The Lenovo legion is much better than Asus tuf 

  • Did you have an Asus before and now you have a Legion? Would love to see you compare the experiences if you have the time :) 

  • I would have agreed with you once upon a time. But Legion laptops have taken a little hit in quality from a lot of the threads I have seen.

    Also, hardly fair to be so vague, a Legion 7 against a TUF is a no brainer, That said, a Legion 5 against a Strix G18 is also a no brainer.

    As a guy who has had hands on 2 generations of A15 and 2 generations of Legion 5, they both have merits and flaws. The stock cooling on the Legion seems to be a little better on the Gen 6 and 7 than the FA506 and FA507 A15s. That said the screens on the top versions of the A15 are much better. My FA507RR has a 165hz QHD screen with near 100% DCI-P3 compared to the gen 7 Legion having similar screen but only 100% SRGB.

    The 2022 and onwards TUF laptops now have more controls in Armoury Crate. Including fan controls, 3rd party software like G-helper can then tap into the fan tables and allow me to completely control fan curves and power limits in EVERY power mode. A feature that is only available Legion 7s if I recall and it isn't as good, and legiontoolkit isn't quite as refined as G-helper. Gen 6 Legion 5s can still use Legionfancontrol but gen 7s got locked out of setting ambient in the BIOS and eventually locked out control completely. So for cooling, Gen 6 is actually better in terms of control, and the A15 trumps that too.

    There were issues with the A15 models where you could smell Intel's money when the A15 and F15 shared chassis, yet ASUS blocked more vents on the A15 so the thermals were terrible. Not sure if it was the A15 only or the F15 as well, but early models suffered that and no active cooling on the VRMs. These issues have since been rectified. Legions have not had such issues that I am aware of. 

    The cooling assembly on the Legions is pretty good, TIMs are Honeywell 7958 and thermal pads, not sure about those, but I did find that the cast aluminium plate that cools the VRMs and VRAM to be a little unrefined and sometimes not a great fit for contact on those components. I also found there were still rough casting marks and half cooked polishing on the contact points. Easy to rectify with 1000grit, a small flatting pad and a Dremel with metal polish. Follow it up with some high grade thermal putty and the temps of those parts are much better. Similar story for both Gen 6 and 7 Legion 5s. The A15s used a poor thermal putty and likely a cheaper TIM on the dies, that said, on the FA506 when I opened up more vents in the chassis and used a homemade cooling tray, the temps dropped dramatically. The Legions have good ventilation in their chassis I forgot to add that. Both A15s used several heat pipes to reasonable effect, the main let down was the aluminium branch for cooling the VRMs, I though it could be copper since it wasn't masssive. The putty used boiled and didn't make full contact with the VRAM which was not good. Ventilation on the A15s could be improved in my opinion. Clever use of Liquid metal and U6 pro on the 2 newer version here made huge differences in thermals. Easily over 10c, so the cooling assemblies are pretty good, just help back by TIMs.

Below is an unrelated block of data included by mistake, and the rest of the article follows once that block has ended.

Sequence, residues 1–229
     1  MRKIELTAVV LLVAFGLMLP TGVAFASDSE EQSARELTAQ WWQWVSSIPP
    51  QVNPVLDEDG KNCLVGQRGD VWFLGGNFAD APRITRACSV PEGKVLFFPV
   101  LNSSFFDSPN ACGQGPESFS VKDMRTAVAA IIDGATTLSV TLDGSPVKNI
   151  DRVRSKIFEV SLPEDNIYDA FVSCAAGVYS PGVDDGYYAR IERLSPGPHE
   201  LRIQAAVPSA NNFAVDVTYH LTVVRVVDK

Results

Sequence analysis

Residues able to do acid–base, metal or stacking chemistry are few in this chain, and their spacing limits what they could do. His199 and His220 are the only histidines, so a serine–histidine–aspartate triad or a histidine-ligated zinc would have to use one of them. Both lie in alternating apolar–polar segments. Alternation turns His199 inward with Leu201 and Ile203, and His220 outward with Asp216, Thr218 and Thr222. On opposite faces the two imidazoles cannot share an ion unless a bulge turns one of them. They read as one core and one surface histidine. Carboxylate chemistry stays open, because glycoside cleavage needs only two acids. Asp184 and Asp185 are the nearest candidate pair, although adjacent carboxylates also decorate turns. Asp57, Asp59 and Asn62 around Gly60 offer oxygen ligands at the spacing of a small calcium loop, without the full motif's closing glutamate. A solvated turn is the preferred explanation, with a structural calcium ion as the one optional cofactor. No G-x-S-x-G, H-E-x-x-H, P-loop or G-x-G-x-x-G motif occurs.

The AI swap between balanced and Performance for gaming is a little janky to be honest, that's on both the gen 6 and 7. I've had to manually swap over several times. I also wish you could modify the GPU power limits in balanced, so you can use full GPU power and have the CPU sit nicely lower when not needed. The TUF models don't use these gimmicks, you pick what you want. Turbo for better fans, Manual for being able to tune the fans, CPU limits and GPU limits + overclocking.

    Both laptops could benefit from being able to use XMP its a pretty basic feature and Ryzen chips love faster RAM so it is wasted performance, plain and simple. Options for undervolting the CPU or using an offset would be nice. I know silicon lottery exists, but still saving a little power, maybe naturally gaining top end or just having the same performance and a cooler machine is great.

    GPU overclocking is complicated. Useable frequency at stock voltages is pretty poor, undervolting and tuning for max stable OC frequency underload is your best option to truly get all the power you can at 140w or the gen 6s 130w. Legion take the win on VRAM tuning as the limit of OC is how far you can stably push it as it is. I have seen a stable +500 on the VRAM with no artifacts or ECC FPS drops. ASUS decided to cap the OC on the VRAM to +300 as they didn't want to help the miners. I confronted them about this after the crypto crash and they brushed it under the carpet then refused to talk to me.